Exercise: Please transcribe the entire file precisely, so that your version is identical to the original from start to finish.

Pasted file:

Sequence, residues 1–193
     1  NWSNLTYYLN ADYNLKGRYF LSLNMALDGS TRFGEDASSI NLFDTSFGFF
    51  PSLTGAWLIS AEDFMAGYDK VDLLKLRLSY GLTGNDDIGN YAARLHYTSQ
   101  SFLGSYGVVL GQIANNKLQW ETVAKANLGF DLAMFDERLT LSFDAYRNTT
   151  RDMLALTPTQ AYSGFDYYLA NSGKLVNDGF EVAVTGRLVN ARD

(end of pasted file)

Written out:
Sequence, residues 1–193
     1  NWSNLTYYLN ADYNLKGRYF LSLNMALDGS TRFGEDASSI NLFDTSFGFF
    51  PSLTGAWLIS AEDFMAGYDK VDLLKLRLSY GLTGNDDIGN YAARLHYTSQ
   101  SFLGSYGVVL GQIANNKLQW ETVAKANLGF DLAMFDERLT LSFDAYRNTT
   151  RDMLALTPTQ AYSGFDYYLA NSGKLVNDGF EVAVTGRLVN ARD